In this section, you will find extra information and answers to frequently asked questions.
If these FAQs do not answer your question, see the Further Support tab to find out where you can go for additional help.
DOI stands for Digital Object Identifier. It is a number given to most newer e-books and journal articles to make them easy to find. In APA style, you should always provide the DOI whenever it is available.
The DOI is a string of numbers and letters beginning with the number 10. Sometimes an e-book or article will only give you the string of numbers and letters, but sometimes it will format the DOI as a clickable link. In APA, you should always give the clickable link.
If you have only been given the string of numbers and letters, you can turn this into a clickable link by copying the DOI onto the end of the following address:
If you have accessed a source online, and it does not have a DOI, you should provide a web address. This should normally be the full web address to the exact page you have used. There are two exceptions to this:
The APA guide says that it doesn't matter whether your links are blue and underlined, or match the font of the rest of your reference list. You should have a consistent style throughout your reference list.
If you have read something which references something else, and you want to include this reference in your work, this is called a secondary citation. For example, if you have read a book by Khan, who quotes from a journal article by Li, and you want to use the information from Li's article.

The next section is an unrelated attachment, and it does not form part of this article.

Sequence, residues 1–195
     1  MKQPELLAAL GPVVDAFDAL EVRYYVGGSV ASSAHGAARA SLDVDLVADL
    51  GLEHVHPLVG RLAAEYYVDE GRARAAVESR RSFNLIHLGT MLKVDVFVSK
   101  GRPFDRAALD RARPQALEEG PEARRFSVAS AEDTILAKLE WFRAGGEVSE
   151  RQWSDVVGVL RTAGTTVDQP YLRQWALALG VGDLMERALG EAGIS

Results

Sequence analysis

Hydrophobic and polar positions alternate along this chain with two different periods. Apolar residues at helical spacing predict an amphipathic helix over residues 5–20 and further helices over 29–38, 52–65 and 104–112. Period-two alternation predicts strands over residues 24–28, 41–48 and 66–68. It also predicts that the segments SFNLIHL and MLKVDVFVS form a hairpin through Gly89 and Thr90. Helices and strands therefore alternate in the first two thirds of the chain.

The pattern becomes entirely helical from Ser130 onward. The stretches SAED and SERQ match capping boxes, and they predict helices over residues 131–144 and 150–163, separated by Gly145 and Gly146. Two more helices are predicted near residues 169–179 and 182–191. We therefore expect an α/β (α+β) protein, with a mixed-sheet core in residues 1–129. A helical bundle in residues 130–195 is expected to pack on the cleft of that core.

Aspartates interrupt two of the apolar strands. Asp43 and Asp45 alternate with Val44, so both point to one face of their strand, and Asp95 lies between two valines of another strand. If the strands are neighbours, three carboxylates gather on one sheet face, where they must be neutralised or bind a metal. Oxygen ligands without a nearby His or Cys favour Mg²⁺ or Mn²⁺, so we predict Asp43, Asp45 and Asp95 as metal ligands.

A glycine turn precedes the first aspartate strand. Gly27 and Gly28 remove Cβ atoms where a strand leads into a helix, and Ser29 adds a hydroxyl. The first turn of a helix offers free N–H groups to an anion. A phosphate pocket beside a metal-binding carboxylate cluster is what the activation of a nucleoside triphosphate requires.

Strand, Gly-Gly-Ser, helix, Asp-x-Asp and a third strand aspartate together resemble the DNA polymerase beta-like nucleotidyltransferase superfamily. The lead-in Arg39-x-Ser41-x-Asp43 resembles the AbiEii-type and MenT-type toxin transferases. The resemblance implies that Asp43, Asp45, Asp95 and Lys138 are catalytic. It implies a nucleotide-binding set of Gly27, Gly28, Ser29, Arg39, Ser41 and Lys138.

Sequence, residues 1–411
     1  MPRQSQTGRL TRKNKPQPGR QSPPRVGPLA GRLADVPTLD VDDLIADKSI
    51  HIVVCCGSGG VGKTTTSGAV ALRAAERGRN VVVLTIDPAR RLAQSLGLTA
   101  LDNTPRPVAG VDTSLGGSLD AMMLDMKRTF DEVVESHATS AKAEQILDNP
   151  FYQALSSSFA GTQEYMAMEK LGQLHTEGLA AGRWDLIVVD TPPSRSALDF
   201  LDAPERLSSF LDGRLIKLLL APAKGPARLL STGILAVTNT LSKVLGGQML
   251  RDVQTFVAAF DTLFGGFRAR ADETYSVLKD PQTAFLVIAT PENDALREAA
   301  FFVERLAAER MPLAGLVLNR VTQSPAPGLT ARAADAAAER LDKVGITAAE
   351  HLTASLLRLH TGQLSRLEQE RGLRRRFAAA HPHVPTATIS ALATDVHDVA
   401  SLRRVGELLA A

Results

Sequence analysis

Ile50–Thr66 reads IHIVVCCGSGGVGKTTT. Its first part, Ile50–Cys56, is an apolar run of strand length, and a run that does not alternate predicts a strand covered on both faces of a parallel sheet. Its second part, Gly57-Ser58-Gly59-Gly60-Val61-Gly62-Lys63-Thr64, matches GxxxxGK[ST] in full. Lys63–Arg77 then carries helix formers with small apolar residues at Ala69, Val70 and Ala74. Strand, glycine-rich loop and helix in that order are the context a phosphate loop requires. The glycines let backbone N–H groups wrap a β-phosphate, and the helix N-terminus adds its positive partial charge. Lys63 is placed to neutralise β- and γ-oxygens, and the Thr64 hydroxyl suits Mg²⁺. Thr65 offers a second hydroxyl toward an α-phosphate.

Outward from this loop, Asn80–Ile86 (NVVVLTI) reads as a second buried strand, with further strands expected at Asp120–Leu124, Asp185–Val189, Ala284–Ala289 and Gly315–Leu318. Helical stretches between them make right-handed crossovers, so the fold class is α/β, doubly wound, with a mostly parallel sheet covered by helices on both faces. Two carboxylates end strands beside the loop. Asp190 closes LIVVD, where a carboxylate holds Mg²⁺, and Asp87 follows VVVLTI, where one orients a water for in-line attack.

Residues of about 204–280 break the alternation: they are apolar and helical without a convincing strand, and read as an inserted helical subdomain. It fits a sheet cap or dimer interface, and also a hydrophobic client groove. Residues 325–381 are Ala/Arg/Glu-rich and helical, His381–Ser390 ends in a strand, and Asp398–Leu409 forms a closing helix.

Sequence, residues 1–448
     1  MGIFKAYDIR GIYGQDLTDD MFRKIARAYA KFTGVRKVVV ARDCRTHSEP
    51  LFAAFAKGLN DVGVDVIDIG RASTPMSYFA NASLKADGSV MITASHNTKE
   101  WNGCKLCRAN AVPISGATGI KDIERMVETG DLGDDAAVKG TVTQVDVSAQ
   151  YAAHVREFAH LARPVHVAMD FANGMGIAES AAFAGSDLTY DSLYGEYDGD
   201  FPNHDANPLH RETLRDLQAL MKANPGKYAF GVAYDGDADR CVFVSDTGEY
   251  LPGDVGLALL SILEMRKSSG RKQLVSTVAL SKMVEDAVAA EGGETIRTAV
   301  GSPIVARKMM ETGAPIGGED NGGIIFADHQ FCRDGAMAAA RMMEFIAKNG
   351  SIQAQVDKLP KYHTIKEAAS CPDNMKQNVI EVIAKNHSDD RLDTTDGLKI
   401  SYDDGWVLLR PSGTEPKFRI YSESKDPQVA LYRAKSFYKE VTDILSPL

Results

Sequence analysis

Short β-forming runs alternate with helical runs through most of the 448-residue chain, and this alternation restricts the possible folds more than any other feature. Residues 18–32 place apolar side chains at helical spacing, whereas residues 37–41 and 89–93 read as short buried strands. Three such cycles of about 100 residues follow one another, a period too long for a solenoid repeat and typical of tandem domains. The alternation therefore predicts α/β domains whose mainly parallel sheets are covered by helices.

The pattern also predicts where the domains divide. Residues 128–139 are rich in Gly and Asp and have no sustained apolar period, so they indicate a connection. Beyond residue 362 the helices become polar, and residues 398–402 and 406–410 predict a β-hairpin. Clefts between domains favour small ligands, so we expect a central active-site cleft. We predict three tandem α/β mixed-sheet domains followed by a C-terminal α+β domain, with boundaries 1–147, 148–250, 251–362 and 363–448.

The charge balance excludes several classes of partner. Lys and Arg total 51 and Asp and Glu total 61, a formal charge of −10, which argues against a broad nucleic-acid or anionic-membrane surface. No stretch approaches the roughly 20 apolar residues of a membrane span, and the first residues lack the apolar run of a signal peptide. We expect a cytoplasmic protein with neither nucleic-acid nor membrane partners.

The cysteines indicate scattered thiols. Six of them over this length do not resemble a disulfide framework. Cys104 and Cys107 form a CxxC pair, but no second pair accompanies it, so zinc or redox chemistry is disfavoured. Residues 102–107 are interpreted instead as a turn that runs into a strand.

If possible, you should try to find the original source, read it yourself, and reference that. Sometimes this might not be possible because the original source is out of print or in another language, for example. In this case, you can do a secondary citation.
Secondary citations are done in the in-text citation.
In your list of references, only include a reference for the source you read (i.e. Khan).
First, check the Authors tab to make sure there is definitely not a person or organisation you could list as the author.
Sometimes a source will have no clear author at all though (e.g. religious works). In this case, use the title as the author in in-text citations, and move the title to the front of the list of references entry:
If a source does not have a date, replace the year with n.d. - this stands for 'no date'
Sometimes certain information about a source might not exist. You might be referencing a journal article without an issue number, or a song that was not released on an album. In this case, just leave that part of the reference out. Make sure the reader would still be able to find the source with the information you have provided.
This guide contains examples of the most common sources you will need to reference. If you need to reference something more unusual, check the following resources:
The Library runs regular Spotlight workshops for APA referencing. These are open to all students and staff, and can be booked on the online workshops calendar.
If you have questions about referencing, your Librarian will be happy to help. You can ask questions by email, or book an appointment for more support with referencing.
If you have questions not answered in this guide: